The Start-Up and the Golden Handcuffs

The vehicle for a lot of this defensive speculation is the start-up. A start-up is a fast company. It's formed quickly, and has a very short time to market. Within that window of opportunity it is attempting to do things much more quickly than a traditional company. That includes recruiting people, and in the technology sector, that has been a difficult ask. It's attempting to leverage some capital investment, in various ways, either from Angel, and/or from venture capital, some sort of very rapid investment of capital so it can grow.

It's typified by the "burn rate" - the rate at which it's spending that money. They've not got any significant revenue, they're not making a profit. They've not got any profit in sight in any of their business or financial plans...the best is maybe we'll make a profit in four years time...who knows.

The rationale behind them is to get acquired, make a profit and get out, selling to one of the larger companies seeking a new economy asset. So the defining characteristic of a start-up is that there is an exit strategy.

This requires a shift in mindset from the industrial model of innovation. The classic Australian problem has been, that if I'm an inventor, I hate giving up any percentage of my idea in exchange for money. This new generation of start-ups understand that at the end of the day if I get "x" million dollars for my idea, and I'm no longer in the company then that's been a worthwhile exorcise.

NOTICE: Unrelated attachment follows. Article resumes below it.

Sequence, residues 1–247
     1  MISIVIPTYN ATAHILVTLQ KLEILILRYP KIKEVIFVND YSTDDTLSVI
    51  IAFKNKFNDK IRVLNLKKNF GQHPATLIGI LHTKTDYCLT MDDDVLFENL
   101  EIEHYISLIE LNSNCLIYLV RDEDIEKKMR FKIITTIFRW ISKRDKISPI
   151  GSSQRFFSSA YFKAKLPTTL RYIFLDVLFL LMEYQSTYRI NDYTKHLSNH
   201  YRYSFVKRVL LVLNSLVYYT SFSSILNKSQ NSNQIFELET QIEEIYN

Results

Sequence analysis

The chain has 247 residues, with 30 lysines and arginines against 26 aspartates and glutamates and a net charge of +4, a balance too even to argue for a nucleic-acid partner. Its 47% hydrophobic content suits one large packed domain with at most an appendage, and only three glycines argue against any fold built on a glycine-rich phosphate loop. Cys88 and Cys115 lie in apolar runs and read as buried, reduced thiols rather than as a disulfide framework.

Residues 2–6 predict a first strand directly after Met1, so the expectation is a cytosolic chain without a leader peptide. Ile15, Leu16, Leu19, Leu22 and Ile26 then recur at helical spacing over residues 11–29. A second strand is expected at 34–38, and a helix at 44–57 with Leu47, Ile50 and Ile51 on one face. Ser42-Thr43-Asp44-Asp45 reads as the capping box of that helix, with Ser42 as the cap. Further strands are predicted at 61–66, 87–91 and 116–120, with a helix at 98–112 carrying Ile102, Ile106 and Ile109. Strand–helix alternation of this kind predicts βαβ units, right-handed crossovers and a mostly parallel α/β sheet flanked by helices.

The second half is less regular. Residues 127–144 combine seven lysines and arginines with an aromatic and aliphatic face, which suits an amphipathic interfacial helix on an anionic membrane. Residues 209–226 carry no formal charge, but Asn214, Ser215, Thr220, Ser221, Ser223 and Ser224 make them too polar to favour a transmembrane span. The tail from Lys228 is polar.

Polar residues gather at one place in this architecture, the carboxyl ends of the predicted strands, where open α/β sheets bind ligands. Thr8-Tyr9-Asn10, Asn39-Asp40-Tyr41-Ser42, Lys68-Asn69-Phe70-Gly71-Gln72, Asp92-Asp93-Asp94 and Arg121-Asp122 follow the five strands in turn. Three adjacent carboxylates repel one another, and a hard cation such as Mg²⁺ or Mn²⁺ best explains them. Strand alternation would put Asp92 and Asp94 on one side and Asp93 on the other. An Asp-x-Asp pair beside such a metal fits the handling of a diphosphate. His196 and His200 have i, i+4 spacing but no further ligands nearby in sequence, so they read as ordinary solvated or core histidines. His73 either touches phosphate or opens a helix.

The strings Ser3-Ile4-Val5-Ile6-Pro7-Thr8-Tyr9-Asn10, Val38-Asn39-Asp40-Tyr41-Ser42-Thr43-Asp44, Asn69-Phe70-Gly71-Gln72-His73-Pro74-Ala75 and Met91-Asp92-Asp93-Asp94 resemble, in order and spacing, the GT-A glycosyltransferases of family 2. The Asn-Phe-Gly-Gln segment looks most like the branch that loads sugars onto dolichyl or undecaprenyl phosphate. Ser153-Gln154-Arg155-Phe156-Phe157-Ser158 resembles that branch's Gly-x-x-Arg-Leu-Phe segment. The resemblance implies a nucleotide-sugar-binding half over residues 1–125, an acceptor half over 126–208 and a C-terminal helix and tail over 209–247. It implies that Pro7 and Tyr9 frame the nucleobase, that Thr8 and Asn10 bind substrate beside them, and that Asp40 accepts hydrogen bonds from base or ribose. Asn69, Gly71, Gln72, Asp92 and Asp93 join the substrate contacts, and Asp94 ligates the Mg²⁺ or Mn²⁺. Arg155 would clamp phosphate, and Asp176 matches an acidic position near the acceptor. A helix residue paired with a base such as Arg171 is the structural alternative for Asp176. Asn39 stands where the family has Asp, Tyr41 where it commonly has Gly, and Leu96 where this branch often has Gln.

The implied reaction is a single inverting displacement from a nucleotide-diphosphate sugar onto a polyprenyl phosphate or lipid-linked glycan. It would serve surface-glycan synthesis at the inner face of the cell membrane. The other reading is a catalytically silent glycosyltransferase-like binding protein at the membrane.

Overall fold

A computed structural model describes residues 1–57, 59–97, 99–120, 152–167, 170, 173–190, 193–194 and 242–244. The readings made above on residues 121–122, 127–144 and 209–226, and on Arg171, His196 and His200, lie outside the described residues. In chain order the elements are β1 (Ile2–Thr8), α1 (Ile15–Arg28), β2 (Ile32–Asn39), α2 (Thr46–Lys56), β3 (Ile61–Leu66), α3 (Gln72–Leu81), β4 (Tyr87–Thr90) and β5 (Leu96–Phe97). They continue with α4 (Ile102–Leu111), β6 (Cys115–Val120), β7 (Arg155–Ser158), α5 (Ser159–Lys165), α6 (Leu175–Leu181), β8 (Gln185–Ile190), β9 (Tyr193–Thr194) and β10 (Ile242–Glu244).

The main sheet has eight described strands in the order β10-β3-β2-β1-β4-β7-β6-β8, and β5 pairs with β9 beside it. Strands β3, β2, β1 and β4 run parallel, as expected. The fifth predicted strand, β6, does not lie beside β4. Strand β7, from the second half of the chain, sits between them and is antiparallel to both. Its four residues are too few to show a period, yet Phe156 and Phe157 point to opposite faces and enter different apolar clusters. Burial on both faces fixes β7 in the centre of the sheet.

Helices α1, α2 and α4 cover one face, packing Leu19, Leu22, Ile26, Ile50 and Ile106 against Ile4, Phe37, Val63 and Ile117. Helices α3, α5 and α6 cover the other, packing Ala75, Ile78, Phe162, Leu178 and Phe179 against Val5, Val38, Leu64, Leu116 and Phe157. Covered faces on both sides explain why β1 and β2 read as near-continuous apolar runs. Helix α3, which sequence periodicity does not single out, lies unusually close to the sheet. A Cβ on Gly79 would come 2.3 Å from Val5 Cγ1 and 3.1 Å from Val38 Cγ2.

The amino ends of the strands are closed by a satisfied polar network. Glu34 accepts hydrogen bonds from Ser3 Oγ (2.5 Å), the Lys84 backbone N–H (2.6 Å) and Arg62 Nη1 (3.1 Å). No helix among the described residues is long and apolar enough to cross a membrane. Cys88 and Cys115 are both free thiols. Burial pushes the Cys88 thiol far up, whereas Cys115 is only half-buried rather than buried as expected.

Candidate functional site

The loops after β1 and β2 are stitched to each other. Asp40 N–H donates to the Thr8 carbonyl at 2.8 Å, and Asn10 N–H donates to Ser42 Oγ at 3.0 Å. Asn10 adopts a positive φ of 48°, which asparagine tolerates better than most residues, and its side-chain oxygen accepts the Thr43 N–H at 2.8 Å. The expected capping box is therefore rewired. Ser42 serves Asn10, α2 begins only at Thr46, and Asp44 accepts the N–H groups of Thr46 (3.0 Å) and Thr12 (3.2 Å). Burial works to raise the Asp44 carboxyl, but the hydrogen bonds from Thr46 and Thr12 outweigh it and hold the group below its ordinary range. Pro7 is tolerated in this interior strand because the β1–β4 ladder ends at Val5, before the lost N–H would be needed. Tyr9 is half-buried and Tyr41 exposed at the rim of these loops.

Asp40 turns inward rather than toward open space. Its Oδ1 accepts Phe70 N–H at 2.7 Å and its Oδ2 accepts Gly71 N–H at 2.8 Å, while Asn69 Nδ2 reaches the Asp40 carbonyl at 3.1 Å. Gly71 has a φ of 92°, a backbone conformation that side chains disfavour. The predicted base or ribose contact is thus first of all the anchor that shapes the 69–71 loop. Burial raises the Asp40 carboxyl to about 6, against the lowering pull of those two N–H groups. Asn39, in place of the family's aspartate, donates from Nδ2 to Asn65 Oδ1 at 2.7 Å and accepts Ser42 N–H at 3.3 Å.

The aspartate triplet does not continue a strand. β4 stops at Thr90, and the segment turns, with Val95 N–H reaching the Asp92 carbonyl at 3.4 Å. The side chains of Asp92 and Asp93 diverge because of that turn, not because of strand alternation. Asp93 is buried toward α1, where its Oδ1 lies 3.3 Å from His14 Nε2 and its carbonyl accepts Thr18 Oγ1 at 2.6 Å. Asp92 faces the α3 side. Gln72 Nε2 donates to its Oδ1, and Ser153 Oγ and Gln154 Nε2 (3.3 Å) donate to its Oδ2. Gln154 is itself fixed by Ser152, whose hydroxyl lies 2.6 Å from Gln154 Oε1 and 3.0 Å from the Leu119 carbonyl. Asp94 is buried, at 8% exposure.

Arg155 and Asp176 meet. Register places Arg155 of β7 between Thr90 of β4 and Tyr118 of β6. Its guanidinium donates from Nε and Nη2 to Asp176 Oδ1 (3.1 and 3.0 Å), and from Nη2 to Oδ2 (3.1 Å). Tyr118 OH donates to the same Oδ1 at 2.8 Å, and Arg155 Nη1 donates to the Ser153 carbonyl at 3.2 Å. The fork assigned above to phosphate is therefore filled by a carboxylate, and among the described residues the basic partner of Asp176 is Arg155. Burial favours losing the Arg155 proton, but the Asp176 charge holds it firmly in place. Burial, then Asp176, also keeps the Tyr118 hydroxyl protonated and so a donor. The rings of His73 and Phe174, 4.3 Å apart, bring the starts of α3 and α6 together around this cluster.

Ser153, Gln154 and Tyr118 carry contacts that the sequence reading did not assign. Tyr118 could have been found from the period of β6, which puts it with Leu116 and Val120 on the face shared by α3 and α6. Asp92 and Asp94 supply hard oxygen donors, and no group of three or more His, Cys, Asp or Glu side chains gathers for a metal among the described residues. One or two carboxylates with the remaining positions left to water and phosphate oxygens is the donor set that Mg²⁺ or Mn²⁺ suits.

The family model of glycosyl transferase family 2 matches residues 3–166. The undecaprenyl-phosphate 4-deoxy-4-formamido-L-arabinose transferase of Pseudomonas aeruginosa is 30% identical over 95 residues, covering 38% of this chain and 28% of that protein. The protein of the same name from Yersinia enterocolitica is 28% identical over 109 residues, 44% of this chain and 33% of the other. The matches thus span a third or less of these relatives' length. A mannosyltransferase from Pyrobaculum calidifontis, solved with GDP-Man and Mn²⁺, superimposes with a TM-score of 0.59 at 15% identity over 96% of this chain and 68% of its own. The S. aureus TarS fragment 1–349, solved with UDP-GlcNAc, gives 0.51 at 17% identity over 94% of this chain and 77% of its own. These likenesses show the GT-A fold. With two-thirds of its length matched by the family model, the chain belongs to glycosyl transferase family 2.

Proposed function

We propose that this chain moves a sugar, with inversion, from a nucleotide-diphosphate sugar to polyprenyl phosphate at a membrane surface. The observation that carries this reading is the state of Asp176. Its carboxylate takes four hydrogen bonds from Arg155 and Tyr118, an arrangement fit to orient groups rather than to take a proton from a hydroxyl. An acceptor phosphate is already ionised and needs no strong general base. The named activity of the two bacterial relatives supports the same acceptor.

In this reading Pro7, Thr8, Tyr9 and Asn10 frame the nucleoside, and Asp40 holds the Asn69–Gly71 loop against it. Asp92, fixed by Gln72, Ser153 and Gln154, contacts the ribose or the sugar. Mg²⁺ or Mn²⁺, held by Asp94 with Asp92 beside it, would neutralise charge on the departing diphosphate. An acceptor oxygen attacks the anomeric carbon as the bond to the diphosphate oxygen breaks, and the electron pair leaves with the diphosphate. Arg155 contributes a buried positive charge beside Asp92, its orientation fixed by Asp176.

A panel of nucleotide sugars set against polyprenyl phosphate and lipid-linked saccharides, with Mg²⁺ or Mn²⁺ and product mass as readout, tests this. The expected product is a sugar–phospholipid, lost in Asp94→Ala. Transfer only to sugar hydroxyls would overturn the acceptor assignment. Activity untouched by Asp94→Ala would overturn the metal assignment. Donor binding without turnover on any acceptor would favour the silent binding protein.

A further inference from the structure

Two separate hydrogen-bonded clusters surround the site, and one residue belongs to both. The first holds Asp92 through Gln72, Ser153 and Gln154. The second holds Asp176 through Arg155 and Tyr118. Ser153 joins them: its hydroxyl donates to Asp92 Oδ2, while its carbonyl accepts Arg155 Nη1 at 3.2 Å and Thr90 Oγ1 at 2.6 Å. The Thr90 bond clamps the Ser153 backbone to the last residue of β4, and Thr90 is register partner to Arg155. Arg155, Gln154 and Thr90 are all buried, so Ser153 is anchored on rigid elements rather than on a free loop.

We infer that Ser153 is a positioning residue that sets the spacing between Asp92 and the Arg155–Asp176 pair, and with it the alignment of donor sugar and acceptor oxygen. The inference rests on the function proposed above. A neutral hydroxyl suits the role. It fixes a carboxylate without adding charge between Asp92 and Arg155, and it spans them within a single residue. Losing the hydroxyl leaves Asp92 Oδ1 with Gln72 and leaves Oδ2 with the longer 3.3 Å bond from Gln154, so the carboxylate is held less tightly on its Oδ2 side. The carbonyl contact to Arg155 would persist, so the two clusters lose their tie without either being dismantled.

Because the prizes are so high, people are prepared to work ridiculous hours for the sake of a start-up. Call it geeksploitation - young workers giving blood in the hope of rewards down the line. You'll find these companies have options plans for staff that become a set of golden handcuffs. You have to make them part of the vision, part of the company, give them a percentage stake. The deal is: stick around, work hard, it's a different less formal atmosphere, you'll be exposed to ranges of skills and responsibilities you'd never be exposed to normally and in a year to eighteen months time when you shares vest, they'll be worth hundreds of thousands of dollars. Those handcuffs get stronger as you move up the hierarchy of staff.

In the industrial age the value of a business entity was tied up with the value of it's capital. Except at the very top, the employees were expendable and interchangeable. Each person had a defined role and any person could be easily replaced. In the New Economy, a lot more of the value of the firm is linked to the skills of the individual people who make up the organisation. It is now more important, from the viewpoint of the owner or investor, that the employee has an incentive to remain.

Valuing the Asset

The new generation of businesses are very much people driven. It's not so much the technology as what you do with it and who does it. The venture capital community will tell you that the idea doesn't have to be the gleaming idea extends the knowledge envelope, it just has to be sound. They invest in the people and their capacity to deliver that idea, or indeed hand it on to another organisation to commercialise it to the next stage. It is a different model: the people are the key - which may force us to re-evaluate our concept of capital.

An example is Solution 6 which is currently valued on the share market at around $4.9 billion. Solution 6 are an old style IT company, trying to look like a new style IT company, making software for accountants. Last year they made a $66 million loss, but they're talking like a start-up and talking themselves up as application service providers. Currently they're in a merger with Sausage. And what does Sausage do?. Five years age they used to make a dinky little visual basic HTML editor and then the founder of that company tried to do things called snaglets, then he had e-vand and then they did something else. So Sausage Software does something different every six months. Nobody could really say what they do except they seem to be doing except they're making a $1.6 million dollar profit.